All wheat acres in the U.S. for 2022 are up about 700,000 from 2021 to 47.4 million (USDA, Prospective Plantings, 2022). Across the South, wheat acres increased in Alabama (+3%), Arkansas (+5%), Kentucky (+6%), Mississippi (+5%), North Carolina (+16%), Tennessee (+5%), and Virginia (+22%). Wheat acres were unchanged in Oklahoma and Texas. Acres were down in Georgia (-5%), Maryland (-12%), and South Carolina (-4%).
Further complicating the wheat market, drought conditions in the U.S. Southern High Plains look to decrease winter wheat yields and increase unharvested acres in this region. For U.S. and Canadian wheat production to increase and augment exportable supplies, favorable growing conditions are needed for the upcoming spring wheat crop.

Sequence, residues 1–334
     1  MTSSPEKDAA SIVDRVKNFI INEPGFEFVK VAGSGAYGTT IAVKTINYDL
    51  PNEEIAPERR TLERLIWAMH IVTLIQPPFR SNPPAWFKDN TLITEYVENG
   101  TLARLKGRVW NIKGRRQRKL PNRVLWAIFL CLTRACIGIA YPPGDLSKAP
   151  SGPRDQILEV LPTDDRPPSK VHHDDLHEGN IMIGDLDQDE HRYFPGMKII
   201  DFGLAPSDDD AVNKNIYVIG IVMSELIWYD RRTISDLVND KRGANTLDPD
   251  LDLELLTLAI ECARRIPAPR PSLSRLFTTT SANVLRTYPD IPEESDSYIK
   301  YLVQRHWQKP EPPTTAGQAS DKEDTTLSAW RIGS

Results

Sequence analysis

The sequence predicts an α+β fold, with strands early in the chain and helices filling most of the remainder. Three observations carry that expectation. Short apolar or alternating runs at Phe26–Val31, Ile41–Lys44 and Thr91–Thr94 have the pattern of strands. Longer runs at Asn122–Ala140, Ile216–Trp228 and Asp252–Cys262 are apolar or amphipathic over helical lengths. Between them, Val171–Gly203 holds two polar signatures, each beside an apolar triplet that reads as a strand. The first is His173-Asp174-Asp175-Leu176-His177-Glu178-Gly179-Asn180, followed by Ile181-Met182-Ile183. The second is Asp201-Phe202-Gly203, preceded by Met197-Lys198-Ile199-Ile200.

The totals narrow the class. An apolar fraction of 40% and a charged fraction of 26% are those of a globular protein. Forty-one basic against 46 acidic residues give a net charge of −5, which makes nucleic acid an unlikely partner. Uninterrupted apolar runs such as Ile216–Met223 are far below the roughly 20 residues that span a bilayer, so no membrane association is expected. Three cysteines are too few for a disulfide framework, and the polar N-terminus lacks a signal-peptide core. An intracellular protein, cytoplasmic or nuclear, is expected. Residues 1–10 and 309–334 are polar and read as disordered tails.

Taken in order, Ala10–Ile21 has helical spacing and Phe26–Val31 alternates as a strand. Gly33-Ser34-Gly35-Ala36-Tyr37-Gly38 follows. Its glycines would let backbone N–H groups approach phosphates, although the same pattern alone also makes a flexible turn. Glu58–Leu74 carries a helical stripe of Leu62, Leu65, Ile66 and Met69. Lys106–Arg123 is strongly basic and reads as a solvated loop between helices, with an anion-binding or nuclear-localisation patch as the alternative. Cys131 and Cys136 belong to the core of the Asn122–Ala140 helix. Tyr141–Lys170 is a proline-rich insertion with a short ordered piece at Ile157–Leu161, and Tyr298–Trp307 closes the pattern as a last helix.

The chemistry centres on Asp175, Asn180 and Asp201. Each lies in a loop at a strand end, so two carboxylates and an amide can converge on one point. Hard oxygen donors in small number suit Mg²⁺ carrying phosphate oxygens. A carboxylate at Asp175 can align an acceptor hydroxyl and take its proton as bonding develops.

While the loss of Ukraine’s wheat crop in 2022 would have a significant impact on world wheat supplies, high commodity prices are providing incentives for agricultural producers around the world to plant more acres. However, the loss of Ukraine’s production amplifies the importance of production disruptions in other wheat producing regions, should issues occur. Longer-term production will certainly increase as weather and crop input availability and affordability allow.
Figure 1. World Wheat Exports, average 2016/17-2020/21 and 2021/22 (million metric tons)